Outdoor Adventures

Climbing Cavell

A climb not for the casual adventurer

Yvon Chouinard and Fred Beckey made the first ascent up the daunting north face of Mount Edith Cavell in 1961, and a lot has changed since then, including the physical characteristics of the mountain and the sport of mountaineering itself. But much, too, has stayed constant, like the lifestyle of Beckey, ever the consummate climber, and the appeal that Cavell's most prominent aspect still holds for adventure seekers of all ages.

That July, as Chouinard and Beckey first made their way up the north-face route that would come to bear their names, a glance down at Angel Glacier must have looked different to them than it would to climbers following in their footholds today.

While still stunning, the once enormous glacier has receded significantly in recent decades. Named for its likeness to the shape of an angel, the glacier's “wings” sweep off to each side in the cirque between Cavell's summit and Sorrow Peak to the north, connecting into a “body” which descends towards Cavell Pond. The body, however, has shrunk considerably from the imposing mass it used to be and, as the ice continues to melt away, it is expected the wings will eventually begin to disappear as well.

For now, though, the glacier's distinctive shape remains recognizable, if somewhat eroded, to the countless tourists who come to visit each year. Cavell's north face looms just above but one need not make the 27-kilometre trek from the Jasper townsite in order to feel in awe of its presence. The 3363-metre peak imposes itself over the national park, standing out from lesser mountains with its stratified look and perpetual snow cover. It continues to simultaneously attract adventurers towards it while also keeping them at bay.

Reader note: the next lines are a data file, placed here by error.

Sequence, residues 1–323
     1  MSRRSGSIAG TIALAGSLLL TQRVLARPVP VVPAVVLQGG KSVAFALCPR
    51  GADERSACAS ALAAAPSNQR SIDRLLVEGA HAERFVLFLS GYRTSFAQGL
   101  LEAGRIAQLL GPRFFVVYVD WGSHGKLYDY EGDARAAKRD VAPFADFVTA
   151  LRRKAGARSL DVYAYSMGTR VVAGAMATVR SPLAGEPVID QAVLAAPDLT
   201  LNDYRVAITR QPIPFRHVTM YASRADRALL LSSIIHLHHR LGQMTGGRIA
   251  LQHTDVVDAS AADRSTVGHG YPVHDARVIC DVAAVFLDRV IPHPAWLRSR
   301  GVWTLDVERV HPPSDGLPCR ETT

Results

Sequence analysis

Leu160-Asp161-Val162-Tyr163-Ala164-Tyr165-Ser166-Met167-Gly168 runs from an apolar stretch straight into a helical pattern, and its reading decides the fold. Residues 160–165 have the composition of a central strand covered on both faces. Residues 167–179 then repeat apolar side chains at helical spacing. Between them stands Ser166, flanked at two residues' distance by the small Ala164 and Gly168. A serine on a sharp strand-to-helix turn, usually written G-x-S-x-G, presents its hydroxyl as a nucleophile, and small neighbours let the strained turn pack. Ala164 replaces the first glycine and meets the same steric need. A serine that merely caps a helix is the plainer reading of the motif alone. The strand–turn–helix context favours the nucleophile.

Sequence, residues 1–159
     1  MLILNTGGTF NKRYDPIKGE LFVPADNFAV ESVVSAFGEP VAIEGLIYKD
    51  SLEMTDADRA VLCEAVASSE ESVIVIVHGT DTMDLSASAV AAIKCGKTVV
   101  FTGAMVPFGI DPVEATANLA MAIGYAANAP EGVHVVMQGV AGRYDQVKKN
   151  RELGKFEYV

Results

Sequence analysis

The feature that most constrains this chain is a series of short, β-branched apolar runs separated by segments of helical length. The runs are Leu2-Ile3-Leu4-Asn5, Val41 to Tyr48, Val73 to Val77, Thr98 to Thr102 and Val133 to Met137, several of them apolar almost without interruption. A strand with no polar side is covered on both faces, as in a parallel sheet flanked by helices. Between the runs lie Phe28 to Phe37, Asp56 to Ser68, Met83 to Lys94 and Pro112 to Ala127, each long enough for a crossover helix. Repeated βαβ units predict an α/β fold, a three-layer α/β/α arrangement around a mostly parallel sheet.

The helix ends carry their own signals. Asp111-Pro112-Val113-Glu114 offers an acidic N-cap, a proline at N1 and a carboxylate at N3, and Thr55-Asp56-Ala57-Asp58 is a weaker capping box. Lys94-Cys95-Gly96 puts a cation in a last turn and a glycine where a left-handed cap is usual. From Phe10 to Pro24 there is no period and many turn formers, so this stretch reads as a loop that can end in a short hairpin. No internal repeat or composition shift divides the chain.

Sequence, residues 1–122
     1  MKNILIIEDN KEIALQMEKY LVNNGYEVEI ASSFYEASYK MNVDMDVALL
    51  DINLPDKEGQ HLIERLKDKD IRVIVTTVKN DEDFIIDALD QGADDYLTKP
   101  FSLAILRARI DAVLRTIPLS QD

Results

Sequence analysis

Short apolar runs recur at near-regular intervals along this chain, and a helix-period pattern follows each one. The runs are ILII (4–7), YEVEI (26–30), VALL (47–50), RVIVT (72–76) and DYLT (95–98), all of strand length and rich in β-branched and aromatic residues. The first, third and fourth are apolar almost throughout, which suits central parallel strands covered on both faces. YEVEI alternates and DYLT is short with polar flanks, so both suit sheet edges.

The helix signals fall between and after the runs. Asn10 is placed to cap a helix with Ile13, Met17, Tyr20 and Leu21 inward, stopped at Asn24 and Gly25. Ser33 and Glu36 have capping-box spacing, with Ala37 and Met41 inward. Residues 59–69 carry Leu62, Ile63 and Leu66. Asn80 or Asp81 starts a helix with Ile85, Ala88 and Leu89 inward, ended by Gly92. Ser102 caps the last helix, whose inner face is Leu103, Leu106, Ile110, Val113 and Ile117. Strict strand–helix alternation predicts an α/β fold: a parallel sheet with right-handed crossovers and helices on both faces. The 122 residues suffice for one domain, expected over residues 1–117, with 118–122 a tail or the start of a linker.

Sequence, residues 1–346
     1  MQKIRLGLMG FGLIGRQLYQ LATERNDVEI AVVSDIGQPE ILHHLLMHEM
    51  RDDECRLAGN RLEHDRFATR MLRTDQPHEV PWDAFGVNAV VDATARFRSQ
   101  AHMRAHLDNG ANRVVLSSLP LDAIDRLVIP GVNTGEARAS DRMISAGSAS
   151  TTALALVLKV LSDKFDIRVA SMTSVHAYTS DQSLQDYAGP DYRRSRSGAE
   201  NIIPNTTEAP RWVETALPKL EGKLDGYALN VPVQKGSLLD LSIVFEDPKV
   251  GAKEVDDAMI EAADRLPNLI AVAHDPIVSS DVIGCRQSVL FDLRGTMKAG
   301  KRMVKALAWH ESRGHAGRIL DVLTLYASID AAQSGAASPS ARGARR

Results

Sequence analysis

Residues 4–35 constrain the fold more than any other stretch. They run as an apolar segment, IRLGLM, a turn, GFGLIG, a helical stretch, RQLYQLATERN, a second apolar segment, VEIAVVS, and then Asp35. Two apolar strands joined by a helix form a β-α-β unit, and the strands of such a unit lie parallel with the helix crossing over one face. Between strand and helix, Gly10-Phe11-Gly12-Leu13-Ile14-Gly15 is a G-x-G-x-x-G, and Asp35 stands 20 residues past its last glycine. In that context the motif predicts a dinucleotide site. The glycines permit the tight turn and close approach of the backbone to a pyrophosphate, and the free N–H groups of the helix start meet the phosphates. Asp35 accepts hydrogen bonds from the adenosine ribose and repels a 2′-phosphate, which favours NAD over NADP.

“I've been up there many times but have never climbed the north face,” says Henry Timmer, who maintains the climbwild.net website, which contains information on many climbing routes in the Jasper area. Cavell is “not for the casual adventurer,” he adds. “It's one of the very few mountains on the site that I have not climbed. Weather prohibited me.”

The north face must have seemed that much more daunting to Chouinard and Beckey a half-century ago as they considered making the first ascent with climbing equipment that was relatively rudimentary. But Chouinard, who later went on to found the massively successful Patagonia, Inc., was an innovator in the sport, teaching himself blacksmithing and building his own climbing tools. Beckey, meanwhile, was simply born to climb, starting as a teenager and continuing well into his 80s, making hundreds of first ascents in his lifetime and earning legendary status in the climbing community.

Dana Ruddy has climbed with Beckey in recent years and says the Seattle resident, who turned 88 this year, always manages to find his way back to Cavell and the Jasper area.
“He usually shows up in the summer, looking for partners and a place to stay,” Ruddy says. “The last three summers he's come up here and found someone to go climb with.”
Indeed, Beckey has earned a reputation for continuing to climb with groups of people in their 20s and 30s, regardless of how old he gets. He has also expressed a fondness for young climbers on this side of the border.